Patients presenting to the surgeon for management of jaundice as a presenting sign have a very specific group of conditions. This group of conditions centered around the hepato-biliary system, the proximal gastrointestinal system (stomach and duodenum), and the pancreas. Because of the complexity of managing cases with conditions involving this area we adopt a multi-disciplinary approach with several specialist team members; anaesthesia, internal medicine, surgery and diagnostic imaging.
Anatomy of the hepatobiliary system
Bile is produced by the liver and then drains through a series of tributaries; canaliculi into inter-lobular ducts, which unite to from the hepatic ducts (2-8 in dogs) from each lobe of the liver, draining into the bile duct, with bile collecting into the gall bladder via the cystic duct. The bile duct travels within the wall of the duodenum for 1-2cm. The bile duct empties into the duodenum at the major duodenal sphincter, which is located 1.5-6.0 cm distal to the pylorus.
Peri-operative management of hepatobiliary patient
The most common causes of extrahepatic biliary obstruction and therefore the most common comorbidities to consider when operating on a jaundiced patient include pancreatitis (inflammation of the pancreas), cholangitis/cholangiohepatitis (inflammation or infection of the biliary tree), neoplasia (cancer) and cholelithiasis (stones in the biliary system). Other less common comorbidities or causes that have been reported include diaphragmatic hernia causing gall bladder entrapment, migrating foreign body or parasitic infection.
An obstruction of the biliary system can result in profound systemic disease, including hypertension (low blood pressure), coagulopathy (bleeding abnormalities), reduced ability of heart to pump blood gastrointestinal ulceration and a delay in wound healing.
Patients are therefore carefully assessed for any changes in vital clinical parameters and stabilised accordingly prior to surgery. Assessment for coagulation abnormalities and pretreatment with fresh whole blood, fresh frozen plasma or Vitamin K may be prudent and should be considered.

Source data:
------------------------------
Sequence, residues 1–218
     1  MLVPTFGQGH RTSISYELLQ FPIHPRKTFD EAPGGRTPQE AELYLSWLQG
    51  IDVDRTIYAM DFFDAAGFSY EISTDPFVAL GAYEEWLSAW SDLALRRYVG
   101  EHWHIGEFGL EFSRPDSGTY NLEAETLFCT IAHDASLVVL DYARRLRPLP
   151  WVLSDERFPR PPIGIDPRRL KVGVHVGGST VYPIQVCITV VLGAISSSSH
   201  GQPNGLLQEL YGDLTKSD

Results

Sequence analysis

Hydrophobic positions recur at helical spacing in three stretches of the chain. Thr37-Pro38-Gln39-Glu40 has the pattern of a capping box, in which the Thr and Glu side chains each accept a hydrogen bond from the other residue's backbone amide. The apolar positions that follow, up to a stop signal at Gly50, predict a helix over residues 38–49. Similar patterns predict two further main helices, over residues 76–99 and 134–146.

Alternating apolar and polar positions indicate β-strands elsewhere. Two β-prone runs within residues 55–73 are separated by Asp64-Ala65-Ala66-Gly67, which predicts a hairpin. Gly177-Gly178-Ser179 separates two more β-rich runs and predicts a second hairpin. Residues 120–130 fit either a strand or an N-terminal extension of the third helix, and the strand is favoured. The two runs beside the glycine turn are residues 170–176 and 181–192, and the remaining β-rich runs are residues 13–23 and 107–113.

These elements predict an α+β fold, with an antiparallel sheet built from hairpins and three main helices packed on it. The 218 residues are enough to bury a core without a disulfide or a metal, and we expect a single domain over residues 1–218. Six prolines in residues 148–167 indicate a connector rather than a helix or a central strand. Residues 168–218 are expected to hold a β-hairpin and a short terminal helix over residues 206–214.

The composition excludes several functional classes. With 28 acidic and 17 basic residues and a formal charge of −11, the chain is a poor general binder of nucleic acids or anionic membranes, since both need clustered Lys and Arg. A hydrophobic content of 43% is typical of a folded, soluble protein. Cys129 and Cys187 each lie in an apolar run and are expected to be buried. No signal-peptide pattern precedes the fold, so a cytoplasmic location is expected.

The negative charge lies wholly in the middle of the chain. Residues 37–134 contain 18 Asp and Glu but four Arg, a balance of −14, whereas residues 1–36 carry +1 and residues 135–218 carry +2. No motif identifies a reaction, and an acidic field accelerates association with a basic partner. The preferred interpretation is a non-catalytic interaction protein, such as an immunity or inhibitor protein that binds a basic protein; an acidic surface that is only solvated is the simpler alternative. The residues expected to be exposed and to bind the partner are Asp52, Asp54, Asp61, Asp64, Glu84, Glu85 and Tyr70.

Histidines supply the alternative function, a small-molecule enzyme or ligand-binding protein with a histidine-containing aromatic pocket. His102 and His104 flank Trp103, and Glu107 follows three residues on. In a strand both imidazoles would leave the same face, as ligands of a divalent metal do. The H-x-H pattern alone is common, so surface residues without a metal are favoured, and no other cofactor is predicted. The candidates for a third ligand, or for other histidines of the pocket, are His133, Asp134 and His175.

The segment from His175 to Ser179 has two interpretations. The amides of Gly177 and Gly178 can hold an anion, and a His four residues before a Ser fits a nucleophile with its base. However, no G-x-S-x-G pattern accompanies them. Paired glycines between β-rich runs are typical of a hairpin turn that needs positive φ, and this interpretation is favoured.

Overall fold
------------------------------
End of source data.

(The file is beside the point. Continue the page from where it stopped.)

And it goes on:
Common surgical techniques for the hepatobiliary system
When to take a patient with an extrahepatic biliary obstruction and jaundice to surgery is a difficult decision.
Typically, we proceed to surgery if there is evidence of an obstruction to the bile ducts and/or worsening blood work suggestive of an obstruction.
The most common surgical procedures of hepatobiliary system are:
Cholecystectomy – removal of the gall bladder
Choledochotomy – opening of the common bile duct
Choledochal tube stenting – placement of a stent in the common bile duct
Cholecystoenterostomy – creation of permanent stoma between the gall bladder and the small intestine (typically duodenum or jejunum)
Deciding which procedure to perform relies on some clinical judgement, the pre-surgical imaging findings and clinical presentation. We try to answer the questions below to determine the most appropriate surgical procedure - this is a joint decision making process between the surgeon, internal medicine consultant and the diagnostic imaging specialist.
Can we demonstrate patency of the common bile duct by catheterization?
If patency of the common bile duct cannot be demonstrated by catheterisation a cholecystoenterostomy should be considered. Cholecystectomy is not indicated in this situation.
If we can catheterize the common bile duct, does the patient have clinical evidence of a functional obstruction (ie pancreatitis)?
Biliary stenting is an option for management of cases that have potentially reversible disease process (i.e feline triaditis/pancreatitis) or as a palliative procure for neoplastic processes.
Is the common bile duct intact or ruptured?
Following traumatic rupture of the common bile duct, the surgical repair site can be supported by placement of a choledochal stent.
Prognosis associated with surgery
Prognosis following surgery depends on the exact condition and procedure being performed. We will discuss the expected outcome and prognosis with you before we proceed with any intervention. Surgery should be considered as part of the entire management of the jaundiced patient. As such, we take a team approach and any discussion about management will involve several members of the team.